Saturday, December 16, 2006

    The Biggest Mistakes I've Made in Youth Ministry - Pt. 2

    What are the worst mistakes you can make in youth ministry? Consider these:

    1) Competing with other ministries - It's hard to resist the temptation to want to see what the church across the street or across town (or across the country) is doing and wondering "Hmmm. Maybe I should be doing that, too." If the other church seems to be attracting more youth or more attention or more praise, I suppose it's human nature to want to emulate their program. I used to be hyper vigilant about trying to discover the latest trend, the latest gimmick, the newest "approach" to youth ministry and then implementing it, figuring that if it worked somewhere else, it would work with my students. This sort of approach assumes all youth and thus all youth ministries are alike and that what works across the street will work just as well on our side of the street. But the truth is - every ministry is particular to the setting and the individuals that we serve. It might be interesting or even helpful to know what others are doing, but ultimately our focus needs to be on the particular youth we serve. These days, I don't even copy my own youth ministry program from one year to the next because over time the group shifts and grows and their needs change.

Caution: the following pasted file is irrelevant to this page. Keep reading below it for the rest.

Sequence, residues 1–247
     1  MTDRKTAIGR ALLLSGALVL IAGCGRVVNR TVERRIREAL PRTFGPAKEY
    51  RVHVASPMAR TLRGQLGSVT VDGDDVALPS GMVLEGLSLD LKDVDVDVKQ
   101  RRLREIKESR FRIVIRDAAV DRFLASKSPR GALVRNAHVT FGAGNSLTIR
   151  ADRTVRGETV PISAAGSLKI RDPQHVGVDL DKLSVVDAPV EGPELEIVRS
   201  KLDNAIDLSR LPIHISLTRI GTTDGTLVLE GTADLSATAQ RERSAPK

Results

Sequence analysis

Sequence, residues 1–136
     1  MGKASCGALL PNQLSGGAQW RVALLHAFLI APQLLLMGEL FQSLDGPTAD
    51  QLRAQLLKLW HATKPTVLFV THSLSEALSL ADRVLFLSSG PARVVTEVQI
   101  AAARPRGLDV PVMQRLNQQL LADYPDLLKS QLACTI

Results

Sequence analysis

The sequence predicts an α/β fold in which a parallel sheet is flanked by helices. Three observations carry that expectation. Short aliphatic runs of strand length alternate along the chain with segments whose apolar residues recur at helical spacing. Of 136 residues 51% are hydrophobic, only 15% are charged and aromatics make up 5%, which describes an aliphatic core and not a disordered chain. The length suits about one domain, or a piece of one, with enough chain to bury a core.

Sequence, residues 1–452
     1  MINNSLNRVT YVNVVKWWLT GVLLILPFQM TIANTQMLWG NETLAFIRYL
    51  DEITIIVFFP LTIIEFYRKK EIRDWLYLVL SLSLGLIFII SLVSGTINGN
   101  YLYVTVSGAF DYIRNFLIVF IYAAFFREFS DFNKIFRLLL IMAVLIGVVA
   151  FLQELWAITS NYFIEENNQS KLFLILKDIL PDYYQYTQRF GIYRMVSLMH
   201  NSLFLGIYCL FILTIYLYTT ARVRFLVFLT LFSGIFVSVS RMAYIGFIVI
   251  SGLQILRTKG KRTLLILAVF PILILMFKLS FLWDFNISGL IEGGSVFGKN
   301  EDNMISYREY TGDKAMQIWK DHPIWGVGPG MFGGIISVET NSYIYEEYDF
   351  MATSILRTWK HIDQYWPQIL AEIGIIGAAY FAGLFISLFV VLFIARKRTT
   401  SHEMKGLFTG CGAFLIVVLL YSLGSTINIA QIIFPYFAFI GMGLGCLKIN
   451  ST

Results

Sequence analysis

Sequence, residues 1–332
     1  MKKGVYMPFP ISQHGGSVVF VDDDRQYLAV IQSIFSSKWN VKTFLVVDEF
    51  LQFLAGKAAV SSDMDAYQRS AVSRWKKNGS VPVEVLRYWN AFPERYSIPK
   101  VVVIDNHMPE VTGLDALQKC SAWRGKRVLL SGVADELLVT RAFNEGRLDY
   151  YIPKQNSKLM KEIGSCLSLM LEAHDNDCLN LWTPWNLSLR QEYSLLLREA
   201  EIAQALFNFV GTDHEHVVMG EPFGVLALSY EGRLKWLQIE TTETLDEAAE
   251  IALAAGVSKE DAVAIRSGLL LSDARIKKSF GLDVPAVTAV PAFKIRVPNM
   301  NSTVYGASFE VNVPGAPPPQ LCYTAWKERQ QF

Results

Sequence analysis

2) Doubting my age - When I was a younger man just starting in youth ministry, I feared that I was too young, too close to the age of the youth to make any lasting impression on them. Then, as I grew older (grey hair...less hair...reading glasses), I began to wonder if I was getting too old to be effective with the youth. Was this a job for a younger person? The truth is, if youth ministry is your calling, then age has nothing to do with your effectiveness in ministry. There were advantages to being a twenty-something youth minister: I had lots of free time to give to the youth, I understood their culture because it was similar to mine, I had lots of energy, and the youth could relate to me because I was close to their age. There are, of course, many advantages to being an "older" youth minister: I have much greater experience and a more mature faith, I've made lots of mistakes and learned from them, I've had more time to learn what youth ministry is and can be, and I've reached a much more relaxed time in life that allows me to offer the young'ns a different perspective on the world than the frenetic life they believe they are destined to lead.

    3) The "Family Guy" Error - I can sum this one up in three words: Preview! Preview! Preview! Just to assure you that I still make mistakes: At a recent youth group gathering which we call "free night" (an evening of unstructured fellowship time), one young man offered to bring episodes of "Family Guy" to show for those who wanted to watch TV. I had only seen one short clip of a "Family Guy" episode on YouTube and it seemed funny and fairly innocuous so I figured it was no problem. Wrong! Trust me on this one: "Family Guy" is hilarious and it is also completely inappropriate for a church setting. After about 3 minutes of viewing -- three minutes replete with curse words, sexual references, and an image of the father character in black lingerie, I switched in a Disney movie (and then asked the young man if he'd let me borrow his "Family Guy" DVDs to watch later in the privacy of my own home!).